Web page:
Gallup is out with its latest ranking of the most and least trusted professions – and the news isn’t very good for lobbyists and politicians.
According to the annual survey, nurses command the highest respect, followed by doctors. Lobbyists, members of Congress and telemarketers are this year’s cellar dwellers. Those who identify as Democrat are more likely than Republicans to trust politicians. And by a slim margin, Republicans are more likely than Democrats to view lobbyists as ethical and trustworthy.
American’s trust in various institutions, authorities and professions has taken a big hit in recent years. Trust of clergy, school teachers, and even judges has been waning as headlines seem to regularly highlight the sordid sins and crimes of bad actors in all three of those professions.
Once upon a time, clergy were among the most vaunted and honored. What happened?
It goes to figure that as America has grown increasingly secular, people’s views of clergy have dimmed out of pure indifference or lack of exposure to ministers and pastors. You’re less likely to think highly of someone if you’ve never interacted or crossed paths with them. Yet, each and every day – and at all hours of the day – pastors in our midst are doing incredible ministry. They’re often underappreciated and carry heavy burdens. We need to pray for our pastors.
Nurses and doctors have historically topped Gallup’s list for the last two decades. They’re deserving of our appreciation and respect. You might be one of them or be married to one. They’re always under a lot of stress and strain, and especially during the last few years.
Politicians are regularly criticized, but is the grief they endure and the mistrust they face always justified?
You can always find people who fail to live up to their responsibilities, not just in the political world, but in every profession. But I wonder if the average American fully appreciates all the challenges and burdens our elected representatives carry on a daily basis. On the federal level, many split their time between Washington D.C. and their home state. That means they’re away from their spouse or traveling on weekends. They often miss ballgames, recitals and rarely tuck their kids into bed at night.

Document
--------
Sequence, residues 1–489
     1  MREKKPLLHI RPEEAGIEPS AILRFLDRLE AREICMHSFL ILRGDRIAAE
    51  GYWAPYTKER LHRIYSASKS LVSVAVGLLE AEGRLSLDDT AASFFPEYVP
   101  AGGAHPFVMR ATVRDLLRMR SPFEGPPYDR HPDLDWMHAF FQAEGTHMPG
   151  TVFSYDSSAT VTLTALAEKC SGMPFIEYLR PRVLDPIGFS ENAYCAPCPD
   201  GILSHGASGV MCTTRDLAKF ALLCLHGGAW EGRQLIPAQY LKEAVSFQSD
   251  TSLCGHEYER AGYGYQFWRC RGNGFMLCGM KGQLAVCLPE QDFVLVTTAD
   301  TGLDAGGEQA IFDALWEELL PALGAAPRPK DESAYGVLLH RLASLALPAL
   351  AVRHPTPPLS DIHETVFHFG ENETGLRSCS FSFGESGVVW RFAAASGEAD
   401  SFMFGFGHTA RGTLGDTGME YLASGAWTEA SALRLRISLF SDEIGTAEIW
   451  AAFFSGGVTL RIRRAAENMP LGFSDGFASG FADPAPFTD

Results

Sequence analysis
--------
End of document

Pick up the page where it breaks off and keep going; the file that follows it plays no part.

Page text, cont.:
The politicians I know are husbands and wives, fathers and mothers. Congress was meeting till the wee hours of the morning last weekend, and yet late on Sunday, one of the representatives I know posted a photograph of a LEGO creation he was working on with his daughter. We sometimes forget these men and women are multi-dimensional, and just like you and me.
Scripture makes clear “It is better to take refuge in the Lord than to trust in man” (Psalm 118:8). In Proverbs we read, “Trust in the Lord with all your heart, and do not lean on your own understanding” (3:5).
But does that mean we shouldn’t expect anything of anyone? Of course not. But it does mean that we shouldn’t look to men and women for that which only the Lord can provide.
In this new age of social media and citizen reporters, nearly everyone has a platform and a “microphone” of some sort. As Christians, though, grace should abound. Perhaps we shouldn’t be so quick to dismiss someone or even outright distrust them. Where there is no moral clarity, give people the benefit of the doubt. Ask more questions and make fewer accusations.
Bottom lining it, we need to heed the apostle Paul’s advice that “petitions, prayers, intercession and thanksgiving be made for all people— for kings and all those in authority, that we may live peaceful and quiet lives in all godliness and holiness” (1 Timothy 2:1-2).
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